College Football Playoff Take Two

College football is upon us folks. The end, of summer, of watching your basement dweller baseball team, of late night Netflix and ice cream combo bingeing, is near.

Football is so close that it can be tasted, as if it were the eight-ounce sirloin in the final stages on the grill.

Or depending on your perspective, there is only a bitterness in the mouths of fans and a salty stinging in the wounds of players and coaches who:

  • a. Collapsed dramatically in the inaugural playoff. (Alabama, Florida State)
  • b. Missed the playoff in the newest CFB controversy. (Baylor [61], TCU [58])
  • c. Really just want to start a fresh season… you know who you are.

The debate of "who’s number one?" has morphed into "who’s in?" the newest form of college football closure. However, the debate never really ends and the playoff is merely a formality that contradicts and rewards with no rhyme, reason or logic.

Seriously, the entirety of last season came down to the rhetoric of Jeff Long with unapologetic rebuttals by head coaches. It was the unscientific science of pathos and ethos determining how great a win over Minnesota ranks, why an early season home loss to Virginia Tech is better than a mid-season conference road loss and if perfection should equal automatically qualification.

There are two schools in Texas that may respectfully disagree with basically every decision that was conjured over the course of 2014.

And that is why we love college football. And that is why we were more than nostalgic about the BCS in 2013.[1] And that is why round two of the college football playoff is imperative for the souls that have been trapped in football purgatory since early January.

While most fans view the glass half empty from last season, college football is better than it has ever been. Every game matters, just as it always has. Ever since Princeton and Rutgers played that first game in 1869, one loss can still cost a team the entire season. In the eyes of everyone: coaches, players, fans and (of course) the media.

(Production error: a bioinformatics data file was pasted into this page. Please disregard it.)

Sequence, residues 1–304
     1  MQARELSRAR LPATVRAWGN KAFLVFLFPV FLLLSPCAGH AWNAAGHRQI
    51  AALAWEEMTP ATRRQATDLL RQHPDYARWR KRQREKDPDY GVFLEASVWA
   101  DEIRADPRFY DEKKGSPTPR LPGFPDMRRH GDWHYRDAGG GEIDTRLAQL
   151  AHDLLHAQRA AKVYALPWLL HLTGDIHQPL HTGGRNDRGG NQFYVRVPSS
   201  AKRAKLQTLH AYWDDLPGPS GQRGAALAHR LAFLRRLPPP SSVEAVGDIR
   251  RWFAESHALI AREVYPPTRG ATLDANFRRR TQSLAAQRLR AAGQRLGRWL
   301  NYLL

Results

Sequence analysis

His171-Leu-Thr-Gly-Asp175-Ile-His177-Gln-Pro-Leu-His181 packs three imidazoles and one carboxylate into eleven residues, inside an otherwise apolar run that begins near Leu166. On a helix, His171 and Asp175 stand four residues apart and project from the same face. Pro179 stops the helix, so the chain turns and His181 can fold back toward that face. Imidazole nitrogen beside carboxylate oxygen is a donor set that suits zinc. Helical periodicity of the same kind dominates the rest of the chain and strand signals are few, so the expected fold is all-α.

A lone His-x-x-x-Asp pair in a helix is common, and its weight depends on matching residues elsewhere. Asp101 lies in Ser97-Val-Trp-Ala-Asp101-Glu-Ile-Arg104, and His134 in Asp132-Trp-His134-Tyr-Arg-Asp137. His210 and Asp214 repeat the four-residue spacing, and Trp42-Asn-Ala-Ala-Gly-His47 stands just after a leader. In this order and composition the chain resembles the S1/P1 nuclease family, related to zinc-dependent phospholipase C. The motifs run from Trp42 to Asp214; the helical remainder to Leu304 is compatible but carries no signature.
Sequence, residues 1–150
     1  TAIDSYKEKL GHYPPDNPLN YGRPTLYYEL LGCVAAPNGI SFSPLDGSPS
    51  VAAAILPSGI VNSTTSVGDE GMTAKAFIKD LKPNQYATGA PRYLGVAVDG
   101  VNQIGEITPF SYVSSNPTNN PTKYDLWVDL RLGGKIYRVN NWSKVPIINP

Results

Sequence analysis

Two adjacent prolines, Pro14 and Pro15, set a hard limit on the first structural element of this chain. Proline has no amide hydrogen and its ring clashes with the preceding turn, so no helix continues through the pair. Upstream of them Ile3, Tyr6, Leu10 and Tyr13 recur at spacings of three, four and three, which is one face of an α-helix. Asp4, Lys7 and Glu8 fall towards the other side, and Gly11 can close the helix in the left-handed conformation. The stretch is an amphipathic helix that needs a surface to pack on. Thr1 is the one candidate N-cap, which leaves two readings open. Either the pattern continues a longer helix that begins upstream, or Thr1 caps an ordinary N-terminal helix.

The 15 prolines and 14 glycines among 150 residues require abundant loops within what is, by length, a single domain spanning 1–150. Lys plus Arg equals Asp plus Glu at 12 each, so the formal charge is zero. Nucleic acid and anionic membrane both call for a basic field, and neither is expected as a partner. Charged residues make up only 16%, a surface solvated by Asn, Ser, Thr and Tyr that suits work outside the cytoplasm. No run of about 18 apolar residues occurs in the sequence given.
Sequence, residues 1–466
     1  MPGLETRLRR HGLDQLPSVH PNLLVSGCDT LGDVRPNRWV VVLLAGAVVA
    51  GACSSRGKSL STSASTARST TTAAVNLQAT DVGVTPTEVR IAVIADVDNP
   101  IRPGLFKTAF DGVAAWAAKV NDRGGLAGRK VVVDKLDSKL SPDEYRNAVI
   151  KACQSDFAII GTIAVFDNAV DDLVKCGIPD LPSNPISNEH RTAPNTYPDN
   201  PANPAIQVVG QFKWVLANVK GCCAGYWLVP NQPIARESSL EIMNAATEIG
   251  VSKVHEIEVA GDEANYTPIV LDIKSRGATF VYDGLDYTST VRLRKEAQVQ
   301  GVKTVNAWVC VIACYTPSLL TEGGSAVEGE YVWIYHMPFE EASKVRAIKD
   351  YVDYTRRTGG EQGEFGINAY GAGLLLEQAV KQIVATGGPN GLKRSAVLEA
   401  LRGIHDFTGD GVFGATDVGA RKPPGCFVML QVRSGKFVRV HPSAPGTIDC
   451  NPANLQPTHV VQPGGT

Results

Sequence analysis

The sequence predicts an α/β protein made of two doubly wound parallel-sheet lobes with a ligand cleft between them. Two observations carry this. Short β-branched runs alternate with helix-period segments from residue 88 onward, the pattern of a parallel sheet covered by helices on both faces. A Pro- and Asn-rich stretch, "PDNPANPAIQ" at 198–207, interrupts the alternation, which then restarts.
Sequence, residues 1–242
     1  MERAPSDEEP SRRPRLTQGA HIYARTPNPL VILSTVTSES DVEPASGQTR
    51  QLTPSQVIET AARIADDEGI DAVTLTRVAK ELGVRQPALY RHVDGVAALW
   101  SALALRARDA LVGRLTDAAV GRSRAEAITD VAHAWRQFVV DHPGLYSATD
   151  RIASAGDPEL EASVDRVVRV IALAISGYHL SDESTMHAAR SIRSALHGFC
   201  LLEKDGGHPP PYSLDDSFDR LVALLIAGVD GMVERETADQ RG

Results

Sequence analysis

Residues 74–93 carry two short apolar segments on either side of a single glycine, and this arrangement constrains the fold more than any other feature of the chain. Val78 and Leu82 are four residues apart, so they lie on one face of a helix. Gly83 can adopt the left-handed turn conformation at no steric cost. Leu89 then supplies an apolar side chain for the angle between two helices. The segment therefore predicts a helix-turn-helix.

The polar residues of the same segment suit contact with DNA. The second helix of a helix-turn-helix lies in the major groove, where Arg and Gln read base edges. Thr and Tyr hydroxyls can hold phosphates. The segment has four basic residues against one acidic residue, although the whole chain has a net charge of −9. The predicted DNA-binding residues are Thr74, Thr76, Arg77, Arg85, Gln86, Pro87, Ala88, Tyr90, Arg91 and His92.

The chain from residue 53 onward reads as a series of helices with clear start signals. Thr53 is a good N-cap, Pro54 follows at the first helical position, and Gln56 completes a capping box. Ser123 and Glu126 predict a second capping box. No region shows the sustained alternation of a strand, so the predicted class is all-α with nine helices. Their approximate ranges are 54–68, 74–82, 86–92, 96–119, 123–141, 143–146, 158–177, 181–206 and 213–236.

Now the hourglass is flipped; fans look at their team through the looking glass and see it as half full.[2] They have an opportunity to be as jazzed as the youth, to dream with wonder, and to argue with vigor and venom.

So there are the standard questions entering the 2015 season:

· Will Ohio State repeat?

· Does Saban lead a rising or falling Tide?

· Baylor or TCU?

There are many more of course, there are always more. With 128 teams and then some, there are questions. Quarterback questions, defensive security questions and back-to-back, championship aspiration questions.

But what about the system questions? Questions circled the BCS as if those computers were bleeding out in shark-infested waters. Yet this new playoff committee seemed to avoid ridicule by residing safely in the cloud. There is no Internet data center secure enough, however, to insulate anybody (or thing) who holds the fate of college football in his or her hands.

They say it’s not the destination, but the journey. I will argue that the committee ultimately got the final four correct. Yet the committee painfully mishandled the avenue of reaching the final end point in Dallas.

Five questions need to be addressed about this new, current and improved system.

1. Will the rankings be handled in a similar fashion?

The ordering of the top 25 and best four teams in college football is left in the hands of 13 individuals. The CFP rankings enabled Jeff Long and company to open Pandora’s box right from the very first time the standings were unveiled on that mid-season Tuesday. The unrelenting greed of the NCAA, ESPN and anyone else receiving a check from having Long babble on those nights is the reason ruined the process.

When the committee was forced to make those 25 decisions, the fate of the inaugural playoff was set. Only a huge misstep by a top ranked team could force the committee’s hand into changing their decision. The committee’s escalation of commitment became too high as the season progressed each week. As a result the committee— yearning to be right and justify their picks— made all sorts of contradictory statements.

2. Does perfection guarantee a playoff berth?